Is „economic growth“ really the ultimate benchmark? Or would it not be better for a new Europe if we had the motto “less is more”? Maybe it would be a good idea to get back to paying adequately for a job well done? And maybe it would be nice if people had to work less, instead of having to spendt most of their time doing things that, when all is said and done, not only fail to make them happy but even make them ill?
Of course, in an enlightened Europe, the future belongs to women in the same way as to men. But are day-care centres really the solution? Is it a good idea if mothers have to take their children there six months after the birth, because our economic system – which is based on wastefulness – needs their manpower? Can we not think of other models suitable to provide the right measure of ”life balance“?
Do we want a Europe where prosperous protectors of acquired possessions dominate, or where change is possible? Do we want a Europe for families? A Europe that tries to preserve the planet? Or a Europe excessively celebrating the last world-wide party on the doomed planet in make-believe prosperity?
These are the kinds of questions on my mind.
Yes, I would like to have a de-centralized, enlightened Europe of cooperative, autonomous and responsible regions. A strong Europe. But still a Europe without the ambition to be a super-power. In other words, I want a Europe that does not see itself as the police force of the world.
In my opinion, these issues are not necessarily something you need to vote upon. But you should discuss them. Because I believe democracy lives more through debates and discussions of values than through votes. And I also believe that, before coming up with wisecracks and stupid laws, you should take a closer look at what it is like to live in all those countries. Mind you, that closer look should happen from the bottom – not as a visiting dignitary.
Those are exactly the things I miss when travelling through the near and yet so far neighboring countries: a policy that understands itself as representing the interests of the people with their actual situation in life and driven by the richness of Europe’s cultures.
(Translated by EG)
Roland DürreFriday June 1st, 2012
Well, Southern Bohemia is definitely one challenge. First and foremost, it is really beautiful: gently rolling hills, romantic scenery with many forests and small villages. The roads connecting those villages are still as narrow as I remember them at home when I was a child, which is the most sensible thing I can think of.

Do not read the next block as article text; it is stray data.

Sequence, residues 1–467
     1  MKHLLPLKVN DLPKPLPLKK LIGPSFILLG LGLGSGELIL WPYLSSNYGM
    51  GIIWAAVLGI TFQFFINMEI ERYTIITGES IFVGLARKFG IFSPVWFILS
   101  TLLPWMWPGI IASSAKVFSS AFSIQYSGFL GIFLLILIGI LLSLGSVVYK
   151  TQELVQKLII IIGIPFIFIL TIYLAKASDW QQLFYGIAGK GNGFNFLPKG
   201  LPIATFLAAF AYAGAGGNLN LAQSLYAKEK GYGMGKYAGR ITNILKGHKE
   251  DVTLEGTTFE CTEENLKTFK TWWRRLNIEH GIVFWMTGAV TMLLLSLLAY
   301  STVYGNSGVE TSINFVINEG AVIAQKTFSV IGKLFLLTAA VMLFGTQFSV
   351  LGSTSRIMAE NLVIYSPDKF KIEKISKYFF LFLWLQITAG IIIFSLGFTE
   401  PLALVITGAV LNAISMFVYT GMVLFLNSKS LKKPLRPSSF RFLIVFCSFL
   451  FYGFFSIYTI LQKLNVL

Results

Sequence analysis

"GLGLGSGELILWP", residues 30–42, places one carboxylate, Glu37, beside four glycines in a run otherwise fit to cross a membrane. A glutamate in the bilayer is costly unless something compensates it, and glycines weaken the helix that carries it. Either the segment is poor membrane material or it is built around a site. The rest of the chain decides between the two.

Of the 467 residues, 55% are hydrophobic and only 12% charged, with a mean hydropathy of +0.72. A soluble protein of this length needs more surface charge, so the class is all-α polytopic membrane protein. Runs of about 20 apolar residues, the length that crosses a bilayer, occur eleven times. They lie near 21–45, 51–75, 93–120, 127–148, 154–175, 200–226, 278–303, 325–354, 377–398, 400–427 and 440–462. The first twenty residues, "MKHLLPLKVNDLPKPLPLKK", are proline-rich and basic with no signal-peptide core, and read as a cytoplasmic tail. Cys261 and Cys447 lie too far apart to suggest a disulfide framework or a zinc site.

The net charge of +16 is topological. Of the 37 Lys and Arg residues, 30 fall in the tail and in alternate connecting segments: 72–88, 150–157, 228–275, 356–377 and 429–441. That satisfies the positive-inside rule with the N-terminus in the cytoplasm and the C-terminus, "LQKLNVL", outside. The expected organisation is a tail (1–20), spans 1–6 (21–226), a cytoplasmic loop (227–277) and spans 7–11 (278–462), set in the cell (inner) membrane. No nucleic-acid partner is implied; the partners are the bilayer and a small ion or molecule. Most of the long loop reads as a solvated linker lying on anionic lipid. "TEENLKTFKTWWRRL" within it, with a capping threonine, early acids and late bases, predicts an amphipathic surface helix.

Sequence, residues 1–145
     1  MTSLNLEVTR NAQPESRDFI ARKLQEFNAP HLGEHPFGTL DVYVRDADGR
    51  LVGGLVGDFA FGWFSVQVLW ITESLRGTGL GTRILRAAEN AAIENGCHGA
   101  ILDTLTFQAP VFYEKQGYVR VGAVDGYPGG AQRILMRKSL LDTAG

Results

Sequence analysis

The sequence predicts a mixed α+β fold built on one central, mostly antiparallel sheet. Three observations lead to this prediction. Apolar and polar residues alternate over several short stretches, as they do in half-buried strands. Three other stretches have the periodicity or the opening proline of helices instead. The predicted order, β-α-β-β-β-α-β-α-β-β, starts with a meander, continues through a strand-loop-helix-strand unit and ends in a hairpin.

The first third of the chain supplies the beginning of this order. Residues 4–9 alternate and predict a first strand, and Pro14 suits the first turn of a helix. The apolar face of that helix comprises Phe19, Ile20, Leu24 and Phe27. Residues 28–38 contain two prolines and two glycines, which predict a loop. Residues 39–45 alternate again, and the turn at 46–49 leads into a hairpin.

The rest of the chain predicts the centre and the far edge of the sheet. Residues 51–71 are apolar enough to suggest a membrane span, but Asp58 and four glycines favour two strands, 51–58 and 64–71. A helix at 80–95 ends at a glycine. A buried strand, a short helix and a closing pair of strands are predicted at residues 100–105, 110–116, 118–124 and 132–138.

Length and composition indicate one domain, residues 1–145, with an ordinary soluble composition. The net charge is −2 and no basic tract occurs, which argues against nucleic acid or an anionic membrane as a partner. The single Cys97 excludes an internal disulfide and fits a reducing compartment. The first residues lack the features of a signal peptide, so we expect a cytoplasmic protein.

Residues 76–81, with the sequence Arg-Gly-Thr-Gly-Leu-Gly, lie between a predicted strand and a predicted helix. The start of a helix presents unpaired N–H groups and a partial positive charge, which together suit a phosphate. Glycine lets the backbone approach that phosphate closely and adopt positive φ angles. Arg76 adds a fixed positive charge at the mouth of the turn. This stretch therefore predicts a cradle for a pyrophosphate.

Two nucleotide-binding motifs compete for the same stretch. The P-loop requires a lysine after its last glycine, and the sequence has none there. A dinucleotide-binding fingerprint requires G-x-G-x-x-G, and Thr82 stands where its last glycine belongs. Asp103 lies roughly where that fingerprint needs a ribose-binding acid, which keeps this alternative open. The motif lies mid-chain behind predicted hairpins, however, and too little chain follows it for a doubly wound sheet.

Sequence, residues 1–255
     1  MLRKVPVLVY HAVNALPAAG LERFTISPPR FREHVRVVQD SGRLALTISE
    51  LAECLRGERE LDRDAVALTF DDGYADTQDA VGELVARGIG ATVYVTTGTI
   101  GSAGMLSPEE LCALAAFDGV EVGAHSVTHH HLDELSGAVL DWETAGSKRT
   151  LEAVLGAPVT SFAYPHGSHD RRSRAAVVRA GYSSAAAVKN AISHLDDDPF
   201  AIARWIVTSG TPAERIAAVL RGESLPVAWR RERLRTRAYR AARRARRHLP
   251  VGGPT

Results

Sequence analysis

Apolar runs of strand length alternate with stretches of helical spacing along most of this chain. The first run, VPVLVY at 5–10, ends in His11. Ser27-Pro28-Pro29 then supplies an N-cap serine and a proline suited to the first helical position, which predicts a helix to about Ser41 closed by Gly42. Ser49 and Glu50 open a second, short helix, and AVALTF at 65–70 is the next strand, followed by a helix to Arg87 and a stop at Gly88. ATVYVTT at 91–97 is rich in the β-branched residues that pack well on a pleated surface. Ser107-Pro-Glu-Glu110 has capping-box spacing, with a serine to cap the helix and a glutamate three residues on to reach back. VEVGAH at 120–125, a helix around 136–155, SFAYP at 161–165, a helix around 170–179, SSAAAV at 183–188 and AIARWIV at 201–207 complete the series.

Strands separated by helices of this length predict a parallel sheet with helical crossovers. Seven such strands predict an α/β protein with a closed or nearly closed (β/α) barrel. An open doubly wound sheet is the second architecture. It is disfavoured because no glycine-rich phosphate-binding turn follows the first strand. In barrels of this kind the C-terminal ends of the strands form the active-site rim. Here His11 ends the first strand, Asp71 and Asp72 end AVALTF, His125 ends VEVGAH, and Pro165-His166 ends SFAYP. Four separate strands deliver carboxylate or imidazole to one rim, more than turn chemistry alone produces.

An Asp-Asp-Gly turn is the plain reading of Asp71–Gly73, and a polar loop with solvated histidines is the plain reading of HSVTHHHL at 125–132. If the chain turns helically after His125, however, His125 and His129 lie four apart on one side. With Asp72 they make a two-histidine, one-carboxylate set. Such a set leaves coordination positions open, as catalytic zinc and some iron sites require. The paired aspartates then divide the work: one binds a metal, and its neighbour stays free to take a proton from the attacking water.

The place where we arrived and depart from, Jindřichův Hradec, with its approximately 21,000 inhabitants is a colourful village. We discover impressive buildings, much water and a pedestrians’ zone full of life.
Our horse-drawn wagon is called Obelix. It, too, makes me wonder. Allegedly, it weighs a ton. On board, you will find a small kitchen, four beds and many other useful devices. Still, this huge covered wagon weighs a lot less than a normal middle-sized car. To be sure, Sita, our horse, adds another almost 800 kilograms to the total.
The team can do about 30 kilometres per day. If you change horses, you might manage twice the distance. I am sure many vehicles powered by electricity will be happy to hear this, because they can beat it easily.
But you have to keep in mind that the only thing we have “under the engine hood” is Sita, our horse. In other words, we are one horse strong. Yet this one horse is definitely preferable to modern power in many ways.
For instance, we enjoyed a wonderful week in this covered wagon travelling through Southern Bohemia, which before had been totally unknown territory to me. If you consider how near to Bavaria it is situated, I almost have to say I am ashamed I have never before been there.
We had a wonderful time. Everybody we met was friendly. The food always tasted delicious and we were able to enjoy fresh air. Some nights were a little colder, some were quite warm, but on the whole, we managed to survive them quite well in our covered wagon. We had lots of fun.
Everything had to be paid in Czech Crowns. It felt nice to see a different currency when on vacation and I enjoyed having to do the quick calculations of the prices. After said calculations, we were often surprised and sometimes even shocked to discover how cheap you can get the daily necessities. The only thing that is a little more expensive than at home is fuel. For the locals, however, one litre of fuel costs the equivalent of a fortune. Consequently, I am quite surprised to see what sorts of people believe they have to go by car even here.
It seems that the Czech Crown gains in value relative to the Euro all the time. If you keep in mind how cheap not only the beer in the pub but also the entire life is for us in Bohemia, that makes a lot of sense.
Today in the afternoon, we will start our journey home. At 14:43 hours, our train will leave Jindřichův Hradec for Pilsen. Since we want to buy some provisions, we have to start by bike an hour earlier.
In Pilsen, we will change trains. The Alex “Albert Einstein” is to take us to Munich. Around midnight, we are scheduled and wish to be at home in Ottobrunn.
At least, that is our plan. We already know it is not going to happen. Gudrun, who went the same way yesterday, told us about a considerable delay. She had to take two busses where no trains were active. On our way out, we also had to go a detour. It caused two extra hours on the way.
This is the current situation of the infra-structure in the middle of Europe. And starting next Monday, we will witness another round of worries about the EU and Greece? Isn’t it just perverse.
Whatever. Some way or other, we will manage to arrive in Munich. And if the train is running too late and the connection cannot be made at all, we will have to look for a hotel in Pilsen. Then we can enjoy another day in beautiful Bohemia.
No, we are not worried. On the contrary. It was so nice that we decided to ride through the Czech Republic on our next bike tour in July and definitely not give the cold shoulder to Bohemia.
And in August, we go to Greece – and we will again enjoy the fact that Greece and the EURO find it so hard to go together.
(Translated by EG)